3. Villages are a great setting for the present and the past. And as a lot of villages (I’m speaking from the point of view of England here) are still very old in terms of their buildings and streets, you can visit a village today and still be inspired if your story is set in the past.
2 Things to Think About
1. People often live in villages as generations of their families have before them. Try a story where the past re-plays it’s self or perhaps your characters story is effected by the past in a way he/she never expected.
2. Bring in an outsider. In a close-knit community a stranger will always be cause for gossip and interest. Especially if you allow something big to happen in that time; a murder perhaps, or another crime. Having an outside in the mix will really shake things up.
No-one likes hospitals, but the potential to tell a story is huge. Hospitals are full of people with different lives, different issues and different roles. Intertwining these can create something really special. And I find that even sitting int he waiting area of a hospital sets my mind alight with story ideas.
3 Reasons to Write about a Hospital
1. People are born in hospitals. That start of a new life is so exciting and such a happy moment for most people. Someones birth can be a big factor into how the rest of their life plays out and so opportunities to tell stories are born here too.
2. People die in hospitals. The complete opposite and of course something that, sadly, most people can relate too. In stories, quite often when someone dies the story awakens. Perhaps they confess to something on their deathbed, or reveal a life-long secret. Again, the potential here is huge and emotion in a story is always so important.
3. Hospitals can test peoples strengths, weaknesses and patience. You can bring out a lot about a character in this situation. And if they’re in a waiting room, with not a lot to do but think, you can explore their mind and tell their back story.
2 Things to Think About
1. I’m going to go back to senses here. Smells and sounds may not be the first thing you choose to describe in a hospital setting but will make a story here more convincing. Especially that ‘too-clean’ smell that resonates with anyone.
2. Write from a doctor/nurses perspective. Perhaps two characters who are being treated are part of the same story, but they don’t know it yet. Could the doctor be the one to piece it together? I love the idea of writing about these figures and what they see, find out and learn by treating patients.
5. Train Stations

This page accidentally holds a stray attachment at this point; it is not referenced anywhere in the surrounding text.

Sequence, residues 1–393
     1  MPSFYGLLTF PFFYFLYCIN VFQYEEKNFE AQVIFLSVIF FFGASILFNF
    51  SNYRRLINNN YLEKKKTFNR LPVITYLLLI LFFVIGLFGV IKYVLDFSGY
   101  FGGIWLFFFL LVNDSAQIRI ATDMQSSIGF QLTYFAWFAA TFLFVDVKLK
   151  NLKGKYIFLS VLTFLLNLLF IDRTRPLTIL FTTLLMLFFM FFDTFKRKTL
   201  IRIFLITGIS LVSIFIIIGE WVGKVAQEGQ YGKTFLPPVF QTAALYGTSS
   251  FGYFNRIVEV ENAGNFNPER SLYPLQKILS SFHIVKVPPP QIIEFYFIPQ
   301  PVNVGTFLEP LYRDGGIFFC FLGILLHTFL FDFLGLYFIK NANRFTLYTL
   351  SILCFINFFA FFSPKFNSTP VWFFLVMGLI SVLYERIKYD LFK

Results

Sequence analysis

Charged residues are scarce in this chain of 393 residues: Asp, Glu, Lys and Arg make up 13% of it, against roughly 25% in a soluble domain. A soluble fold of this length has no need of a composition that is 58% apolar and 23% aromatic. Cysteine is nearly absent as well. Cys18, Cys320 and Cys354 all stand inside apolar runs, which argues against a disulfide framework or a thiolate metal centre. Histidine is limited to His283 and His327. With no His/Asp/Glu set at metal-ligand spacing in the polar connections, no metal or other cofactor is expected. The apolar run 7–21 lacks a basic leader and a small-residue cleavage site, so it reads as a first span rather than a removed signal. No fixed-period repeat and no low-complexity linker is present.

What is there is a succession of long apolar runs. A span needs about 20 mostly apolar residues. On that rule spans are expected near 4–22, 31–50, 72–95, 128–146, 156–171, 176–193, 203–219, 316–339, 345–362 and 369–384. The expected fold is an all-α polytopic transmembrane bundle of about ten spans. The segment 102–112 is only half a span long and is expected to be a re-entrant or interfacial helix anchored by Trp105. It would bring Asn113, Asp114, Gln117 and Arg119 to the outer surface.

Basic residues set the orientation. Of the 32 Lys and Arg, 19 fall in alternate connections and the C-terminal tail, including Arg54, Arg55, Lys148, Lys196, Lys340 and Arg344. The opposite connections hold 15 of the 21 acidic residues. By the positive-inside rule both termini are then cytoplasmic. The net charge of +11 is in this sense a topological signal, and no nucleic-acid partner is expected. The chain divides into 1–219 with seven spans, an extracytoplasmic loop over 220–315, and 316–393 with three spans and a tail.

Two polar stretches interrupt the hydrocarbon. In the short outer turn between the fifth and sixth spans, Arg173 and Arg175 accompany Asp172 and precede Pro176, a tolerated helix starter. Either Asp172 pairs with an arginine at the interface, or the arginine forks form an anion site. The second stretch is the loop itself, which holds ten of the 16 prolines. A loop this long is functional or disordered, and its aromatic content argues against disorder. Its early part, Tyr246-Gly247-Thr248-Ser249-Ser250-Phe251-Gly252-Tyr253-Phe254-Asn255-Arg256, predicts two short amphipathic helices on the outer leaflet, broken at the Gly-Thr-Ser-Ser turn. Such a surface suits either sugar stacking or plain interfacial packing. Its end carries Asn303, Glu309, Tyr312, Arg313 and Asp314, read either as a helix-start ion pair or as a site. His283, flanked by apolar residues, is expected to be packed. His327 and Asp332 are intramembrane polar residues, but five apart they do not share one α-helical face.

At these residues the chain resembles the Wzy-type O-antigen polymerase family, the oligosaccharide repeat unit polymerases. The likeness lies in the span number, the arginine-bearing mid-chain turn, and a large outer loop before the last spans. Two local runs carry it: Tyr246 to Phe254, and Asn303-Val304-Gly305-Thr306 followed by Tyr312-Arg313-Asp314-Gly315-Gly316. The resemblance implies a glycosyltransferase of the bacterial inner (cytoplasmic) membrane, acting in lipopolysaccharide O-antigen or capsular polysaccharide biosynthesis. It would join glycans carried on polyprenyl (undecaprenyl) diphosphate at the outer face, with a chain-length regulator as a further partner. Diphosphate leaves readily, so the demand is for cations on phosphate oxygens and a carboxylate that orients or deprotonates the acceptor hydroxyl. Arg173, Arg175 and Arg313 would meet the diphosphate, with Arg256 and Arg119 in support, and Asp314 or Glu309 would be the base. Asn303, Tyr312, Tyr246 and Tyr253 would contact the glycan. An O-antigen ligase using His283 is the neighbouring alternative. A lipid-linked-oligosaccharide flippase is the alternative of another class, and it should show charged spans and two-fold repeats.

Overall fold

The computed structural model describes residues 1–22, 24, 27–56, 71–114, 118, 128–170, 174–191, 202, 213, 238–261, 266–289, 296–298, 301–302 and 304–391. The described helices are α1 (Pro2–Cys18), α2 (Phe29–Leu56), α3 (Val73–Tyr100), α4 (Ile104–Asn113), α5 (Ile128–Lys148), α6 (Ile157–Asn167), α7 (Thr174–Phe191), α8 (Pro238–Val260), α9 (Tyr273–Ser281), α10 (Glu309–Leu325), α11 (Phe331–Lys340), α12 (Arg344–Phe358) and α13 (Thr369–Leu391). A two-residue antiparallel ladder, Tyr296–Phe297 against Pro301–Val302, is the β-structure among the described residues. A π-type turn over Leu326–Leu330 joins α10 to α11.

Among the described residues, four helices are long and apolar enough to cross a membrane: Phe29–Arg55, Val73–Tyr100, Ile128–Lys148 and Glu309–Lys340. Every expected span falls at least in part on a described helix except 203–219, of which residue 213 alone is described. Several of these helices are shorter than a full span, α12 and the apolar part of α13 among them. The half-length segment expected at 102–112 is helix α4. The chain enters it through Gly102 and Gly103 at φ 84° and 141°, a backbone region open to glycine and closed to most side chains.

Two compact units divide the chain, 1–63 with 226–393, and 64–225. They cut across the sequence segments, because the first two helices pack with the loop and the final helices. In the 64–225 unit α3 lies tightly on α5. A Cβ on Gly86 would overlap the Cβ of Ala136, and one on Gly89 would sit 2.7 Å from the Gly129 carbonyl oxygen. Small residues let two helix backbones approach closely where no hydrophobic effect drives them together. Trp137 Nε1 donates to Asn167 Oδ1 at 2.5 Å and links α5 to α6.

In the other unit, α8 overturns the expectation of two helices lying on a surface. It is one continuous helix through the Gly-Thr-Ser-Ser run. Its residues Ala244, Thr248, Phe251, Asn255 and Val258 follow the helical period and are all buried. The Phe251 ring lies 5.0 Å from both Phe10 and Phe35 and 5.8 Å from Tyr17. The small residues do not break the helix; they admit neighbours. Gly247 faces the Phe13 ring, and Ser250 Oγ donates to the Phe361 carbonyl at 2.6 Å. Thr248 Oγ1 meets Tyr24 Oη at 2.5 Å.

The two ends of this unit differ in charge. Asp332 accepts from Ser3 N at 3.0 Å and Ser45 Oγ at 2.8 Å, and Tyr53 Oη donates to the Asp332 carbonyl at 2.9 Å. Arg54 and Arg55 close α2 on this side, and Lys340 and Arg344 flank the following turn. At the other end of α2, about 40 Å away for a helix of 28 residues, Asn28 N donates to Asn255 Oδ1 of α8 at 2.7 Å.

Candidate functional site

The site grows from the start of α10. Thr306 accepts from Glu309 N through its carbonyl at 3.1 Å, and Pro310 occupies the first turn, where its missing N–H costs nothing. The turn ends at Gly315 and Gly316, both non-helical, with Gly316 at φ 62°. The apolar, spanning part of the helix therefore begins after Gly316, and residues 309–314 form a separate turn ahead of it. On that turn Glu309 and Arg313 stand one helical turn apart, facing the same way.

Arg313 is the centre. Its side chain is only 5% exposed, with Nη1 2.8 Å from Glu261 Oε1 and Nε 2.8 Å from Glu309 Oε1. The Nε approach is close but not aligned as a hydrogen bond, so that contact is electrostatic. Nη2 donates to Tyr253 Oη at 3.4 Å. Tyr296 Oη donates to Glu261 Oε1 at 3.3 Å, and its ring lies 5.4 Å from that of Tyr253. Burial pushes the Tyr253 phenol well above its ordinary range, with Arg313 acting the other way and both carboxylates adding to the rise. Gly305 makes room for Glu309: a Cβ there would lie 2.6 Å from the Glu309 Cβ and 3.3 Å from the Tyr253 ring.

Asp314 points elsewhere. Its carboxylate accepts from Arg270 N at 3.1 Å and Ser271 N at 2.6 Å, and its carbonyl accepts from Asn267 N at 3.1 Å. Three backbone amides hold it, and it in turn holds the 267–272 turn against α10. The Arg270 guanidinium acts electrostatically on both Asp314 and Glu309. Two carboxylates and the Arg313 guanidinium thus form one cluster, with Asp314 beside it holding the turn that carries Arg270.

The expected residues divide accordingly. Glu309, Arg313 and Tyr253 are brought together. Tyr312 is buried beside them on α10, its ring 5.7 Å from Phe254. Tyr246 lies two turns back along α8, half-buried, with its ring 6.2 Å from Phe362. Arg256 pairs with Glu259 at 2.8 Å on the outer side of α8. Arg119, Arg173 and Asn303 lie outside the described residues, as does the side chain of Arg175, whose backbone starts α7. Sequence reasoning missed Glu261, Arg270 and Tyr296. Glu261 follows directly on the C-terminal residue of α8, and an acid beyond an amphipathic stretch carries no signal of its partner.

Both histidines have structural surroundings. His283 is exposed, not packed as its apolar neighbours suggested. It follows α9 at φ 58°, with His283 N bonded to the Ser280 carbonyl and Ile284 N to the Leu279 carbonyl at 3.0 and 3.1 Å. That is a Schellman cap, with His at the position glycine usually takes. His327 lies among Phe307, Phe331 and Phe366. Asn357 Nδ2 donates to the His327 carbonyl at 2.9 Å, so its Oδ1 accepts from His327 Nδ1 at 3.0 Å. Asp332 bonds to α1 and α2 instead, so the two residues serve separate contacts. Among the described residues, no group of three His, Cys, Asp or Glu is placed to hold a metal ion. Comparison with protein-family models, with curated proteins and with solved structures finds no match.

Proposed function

This section could work just as well for airports, but I’ve chosen train stations because I love travelling my train and do it a lot. If you’re travelling alone it’s a perfect time to do some writing; waiting for the train and the journey its self. I’ve done a great deal of my writing by travelling and have found that a station is a truly perfect place to find inspiration.
3 Reasons to Write about a Train Station
1. I adore the mixture of ‘motives’ that people have for being a train station, you always see a real mix of different people with different lives. Commuters of to work, tourists on holiday, locals off to visit friends or family or go shopping. I really love to look at all these people and think they all have a story to tell that I will never know. And so, naturally, my mind starts writing these stories for them!
2. People saying ‘hello’. How lovely is it when you see someone run off of a train and into the arms of their friend/family/partner. Seeing people reunited is a really satisfying part of waiting at a train station. And sometimes, as well, people meeting for the first time and the awkwardness and excitement of it is inspiring too.
3. Switching it around; people saying ‘goodbye’. The sense of an ending, the sadness of a goodbye; you see it all the time at stations and airports. As much as a ‘hello’ can a great starting point for a story, so can a ‘goodbye’.
2 Things to Think About
1. One train will stop at several destination, so as well as people going to the same place, for different reasons, you get people going to different places all together. I think this truly opens up potential to tell different people’s stories and yet allow them to intertwine as pure coincidence puts them on the same train.
2. Trains get busy and so often you have to sit next to a stranger. On a long journey you may find these two people get talking; what a perfect start to a relationship, good or bad. I think this is a perfect premise for a story with a twist.
This has been quite long, but I hope that if you’re writing about any of these places, this post has given you something to think about it.
I’ll try and keep it shorter next week!